Survey Indicates Benefits of Merging Technology with In-Person Shopping Experience

Consumer habits were altered dramatically during the pandemic with many stores shuttered due to shutdowns and lack of in person sales. U.S. retail ecommerce surged nearly 20-percent in 2020 and is expected to see growth of another 8.7-percent this year. Although this is a much smaller gain than the rapid growth during the height of the pandemic, it’s still significant. Revenue was $285.9 million in 2017, and by 2025, is expected to nearly double to $563.4 million. With this unprecedented growth in ecommerce, the questions looms—how will brick and mortar retail compete? A recent survey by Reflect Systems sought to answer this question.

The report released by Reflect examines consumer perceptions and preferences on both online and in-person shopping, revealing a significant desire for more technological advancements in brick-and-mortar stores that mimic the convenience and benefits of online shopping to inspire customers to return to stores. The survey of 1,684 respondents, conducted in August 2021, revealed that 60-percent preferred to do more than half of their shopping online. However, the findings also indicated that there is a significant interest in the use of in-store technology to enhance the in-person shopping experience.

Findings include:

  • 67-percent of respondents said what they miss most about in-person shopping is interacting with products and knowing what they’re getting.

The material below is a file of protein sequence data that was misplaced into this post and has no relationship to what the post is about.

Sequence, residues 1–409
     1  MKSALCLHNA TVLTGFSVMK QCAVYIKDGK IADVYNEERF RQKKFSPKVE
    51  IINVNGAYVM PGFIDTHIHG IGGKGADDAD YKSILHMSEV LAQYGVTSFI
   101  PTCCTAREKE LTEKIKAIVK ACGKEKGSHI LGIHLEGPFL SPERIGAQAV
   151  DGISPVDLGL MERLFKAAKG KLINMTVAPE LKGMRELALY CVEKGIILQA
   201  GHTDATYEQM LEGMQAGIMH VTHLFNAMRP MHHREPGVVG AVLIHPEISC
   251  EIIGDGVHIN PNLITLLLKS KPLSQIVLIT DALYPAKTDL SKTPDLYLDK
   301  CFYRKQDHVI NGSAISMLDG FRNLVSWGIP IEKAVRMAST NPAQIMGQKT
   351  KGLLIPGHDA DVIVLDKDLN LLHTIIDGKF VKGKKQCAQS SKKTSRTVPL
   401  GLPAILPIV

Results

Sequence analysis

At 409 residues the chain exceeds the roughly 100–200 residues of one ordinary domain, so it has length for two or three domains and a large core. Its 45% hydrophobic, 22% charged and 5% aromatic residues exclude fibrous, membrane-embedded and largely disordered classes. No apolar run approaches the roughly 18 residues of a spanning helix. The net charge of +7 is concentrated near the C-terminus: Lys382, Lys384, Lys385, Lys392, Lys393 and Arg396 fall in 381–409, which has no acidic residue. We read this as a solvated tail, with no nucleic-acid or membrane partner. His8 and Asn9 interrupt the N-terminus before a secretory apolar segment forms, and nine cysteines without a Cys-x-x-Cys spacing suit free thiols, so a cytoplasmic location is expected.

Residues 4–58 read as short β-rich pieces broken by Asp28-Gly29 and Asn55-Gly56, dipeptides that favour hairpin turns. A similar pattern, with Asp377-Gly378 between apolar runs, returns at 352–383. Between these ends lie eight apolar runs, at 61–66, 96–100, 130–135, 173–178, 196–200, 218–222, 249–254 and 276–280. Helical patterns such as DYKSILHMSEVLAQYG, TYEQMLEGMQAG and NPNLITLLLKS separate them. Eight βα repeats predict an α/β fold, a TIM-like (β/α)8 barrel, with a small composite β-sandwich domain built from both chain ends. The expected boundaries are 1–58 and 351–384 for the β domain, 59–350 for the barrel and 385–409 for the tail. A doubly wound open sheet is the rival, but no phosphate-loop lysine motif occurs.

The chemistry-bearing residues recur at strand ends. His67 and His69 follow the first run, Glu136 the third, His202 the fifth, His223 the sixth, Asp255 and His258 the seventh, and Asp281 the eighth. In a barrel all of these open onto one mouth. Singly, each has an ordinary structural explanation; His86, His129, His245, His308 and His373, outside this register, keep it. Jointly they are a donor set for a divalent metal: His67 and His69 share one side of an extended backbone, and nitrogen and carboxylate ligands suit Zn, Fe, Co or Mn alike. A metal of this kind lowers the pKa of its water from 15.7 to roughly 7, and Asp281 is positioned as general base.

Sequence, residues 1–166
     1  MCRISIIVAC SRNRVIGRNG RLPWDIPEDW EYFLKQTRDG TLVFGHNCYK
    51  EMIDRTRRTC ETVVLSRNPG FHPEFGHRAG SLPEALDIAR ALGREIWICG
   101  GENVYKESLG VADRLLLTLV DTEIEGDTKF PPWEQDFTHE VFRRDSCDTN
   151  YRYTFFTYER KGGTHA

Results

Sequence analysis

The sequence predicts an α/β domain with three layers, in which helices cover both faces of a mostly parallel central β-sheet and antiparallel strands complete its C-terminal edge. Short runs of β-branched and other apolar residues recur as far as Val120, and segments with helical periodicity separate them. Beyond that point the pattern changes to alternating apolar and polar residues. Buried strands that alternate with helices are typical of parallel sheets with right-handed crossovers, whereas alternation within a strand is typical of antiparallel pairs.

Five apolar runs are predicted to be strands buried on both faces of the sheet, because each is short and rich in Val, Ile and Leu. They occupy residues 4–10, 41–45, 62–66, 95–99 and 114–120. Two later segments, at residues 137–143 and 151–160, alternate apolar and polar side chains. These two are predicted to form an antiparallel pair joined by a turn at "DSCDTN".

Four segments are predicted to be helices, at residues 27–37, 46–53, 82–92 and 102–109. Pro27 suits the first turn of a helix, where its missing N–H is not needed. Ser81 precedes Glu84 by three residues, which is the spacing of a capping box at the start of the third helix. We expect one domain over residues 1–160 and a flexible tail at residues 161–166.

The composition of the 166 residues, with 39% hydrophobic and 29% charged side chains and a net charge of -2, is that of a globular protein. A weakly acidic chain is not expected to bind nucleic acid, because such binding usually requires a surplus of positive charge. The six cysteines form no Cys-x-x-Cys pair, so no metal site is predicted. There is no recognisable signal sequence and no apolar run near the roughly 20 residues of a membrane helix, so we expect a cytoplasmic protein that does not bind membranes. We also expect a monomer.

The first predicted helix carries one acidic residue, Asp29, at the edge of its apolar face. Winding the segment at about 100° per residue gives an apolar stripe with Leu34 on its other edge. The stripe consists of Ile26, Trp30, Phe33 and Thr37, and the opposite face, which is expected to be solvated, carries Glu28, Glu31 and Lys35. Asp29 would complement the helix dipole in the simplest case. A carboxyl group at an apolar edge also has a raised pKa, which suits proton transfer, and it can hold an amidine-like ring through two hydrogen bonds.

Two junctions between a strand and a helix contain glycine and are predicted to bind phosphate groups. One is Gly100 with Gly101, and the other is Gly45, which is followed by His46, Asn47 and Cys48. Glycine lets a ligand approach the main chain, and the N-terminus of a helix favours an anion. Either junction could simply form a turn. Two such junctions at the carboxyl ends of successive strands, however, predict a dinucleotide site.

• 80-percent of under-30 shoppers are more likely to shop in person than online if a store has interactive screens with product information, product comparisons and/or reviews.
  • 55-percent said they prefer to shop in-person for food and grocery items, above any other product category.
  • Surprisingly, only 56-percent of younger Millennials (under 30) prefer to shop online vs. almost 70-percent of older Millennials (30-44).
  • 43-percent of shoppers say the Delta variant will not have an impact on how much they shop in person.

Further insights from the study revealed a strong interest in specific technologies that can bring online features to brick and mortar stores. These findings include:

  • 56-percent of respondents said product reviews would be the most helpful feature from online shopping they would like to see in-store, with price comparison second at 39-percent.
  • 46-percent said they prefer a more DIY shopping experience, with self-service options.
  • 83-percent believe informative digital screens would save time during shopping trips.
  • Of those who do the majority of their shopping online, nearly 50-percent say that informative, interactive displays would be the most enticing feature for them to shop in person.

These findings highlight the importance of the physical retailer to blend digital with in-person shopping to provide benefits that can only be found online such as the ability to check stock or quickly access reviews. QR codes can allow customers to see an item in person but then quickly add it to an online cart and purchase on their personal device. Consumers still like to see, touch and feel product but want more convenience and ease in their shopping experience. Technology can bridge that gap and assist companies in finding that sweet spot to entice consumers back into physical stores and provide the in-person experience they crave.

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